The bestselling author of Truman and John Adams, David McCullough has written profiles of exceptional men and women past and present who have not only shaped the course of history or changed how we see the world but whose stories express much that is timeless about the human condition.
Here are Alexander von Humboldt, whose epic explorations of South America surpassed the Lewis and Clark expedition; Harriet Beecher Stowe, "the little woman who made the big war"; Frederic Remington; the extraordinary Louis Agassiz of Harvard; Charles and Anne Lindbergh, and their fellow long-distance pilots Antoine de Saint-Exupéry and Beryl Markham; Harry Caudill, the Kentucky lawyer who awakened the nation to the tragedy of Appalachia; and David Plowden, a present-day photographer of vanishing America.
Different as they are from each other, McCullough's subjects have in common a rare vitality and sense of purpose. These are brave companions: to each other, to David McCullough, and to the reader, for with rare storytelling ability McCullough brings us into the times they knew and their very uncommon lives.
Despite the diversity of their interests and achievements, the men and women profiled in this collection of 17 essays by bestselling historian McCullough ( The Great Bridge ; The Path Between the Seas ) had a lot in common. Whether scientist (Louis Agassiz, Alexander von Humboldt), engineer (John and Washington Roebling), writer (Harriet Beecher Stowe, Conrad Aiken) or artist (Frederic Remington), each had a special perspective that continues to influence us. A skilled portraitist, McCullough vibrantly captures these viewpoints as he relates their impact on his own thought. Produced over 20 years, the essays unfold seamlessly to reveal the uniqueness of individuals whose "work and interests are inspiriting forces." History Book Club and QPB alternates.
Copyright 1991 Reed Business Information, Inc. --This text refers to an out of print or unavailable edition of this title.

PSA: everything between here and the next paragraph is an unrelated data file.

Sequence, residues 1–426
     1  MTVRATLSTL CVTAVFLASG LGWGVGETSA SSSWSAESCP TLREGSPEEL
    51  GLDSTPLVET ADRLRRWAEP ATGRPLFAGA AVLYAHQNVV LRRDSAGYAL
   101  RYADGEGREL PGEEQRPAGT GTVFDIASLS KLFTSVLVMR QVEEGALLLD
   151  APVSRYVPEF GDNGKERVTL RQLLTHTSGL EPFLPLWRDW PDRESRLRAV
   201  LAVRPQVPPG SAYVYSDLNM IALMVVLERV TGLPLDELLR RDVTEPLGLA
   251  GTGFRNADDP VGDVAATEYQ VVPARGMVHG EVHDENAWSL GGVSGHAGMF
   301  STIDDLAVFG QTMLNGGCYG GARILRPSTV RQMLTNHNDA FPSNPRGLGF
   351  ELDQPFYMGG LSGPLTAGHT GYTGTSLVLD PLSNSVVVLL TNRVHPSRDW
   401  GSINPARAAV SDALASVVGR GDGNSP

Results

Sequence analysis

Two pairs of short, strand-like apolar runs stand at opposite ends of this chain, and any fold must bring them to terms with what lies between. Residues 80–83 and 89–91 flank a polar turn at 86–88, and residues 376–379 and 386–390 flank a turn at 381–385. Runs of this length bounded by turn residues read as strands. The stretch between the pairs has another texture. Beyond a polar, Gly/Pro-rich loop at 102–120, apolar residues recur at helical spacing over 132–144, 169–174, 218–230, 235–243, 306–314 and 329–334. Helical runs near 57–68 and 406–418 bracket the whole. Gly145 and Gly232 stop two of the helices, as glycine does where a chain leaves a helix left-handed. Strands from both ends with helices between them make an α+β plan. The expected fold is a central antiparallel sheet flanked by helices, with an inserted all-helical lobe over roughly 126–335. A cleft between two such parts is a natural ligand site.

-- PUBLISHERS WEEKLY.
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Simon & Schuster
November 01, 1992
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Excerpt from Brave Companions by David McCullough
Journey to the Top of the World
On a morning in May 1804, there arrived at the White House by Baltimore coach, and in the company of the painter Charles Willson Peale, a visitor from abroad: an aristocratic young German, age thirty-four, a bachelor, occupation scientist and explorer. And like Halley's comet or the white whale or other such natural phenomena dear to the nineteenth century, he would be remembered by all who saw him for the rest of their days.
He had come to pay his respects to the president of the new republic, Thomas Jefferson, a fellow "friend of science," and to tell him something of his recent journeys through South and Central America. For the next several weeks he did little else but talk, while Jefferson, on their walks about the White House grounds; or James Madison, the secretary of state; or the clever Mrs. Madison; or Albert Gallatin, the secretary of the treasury; or those who came to dine with the president or to do business with him, listened in awe.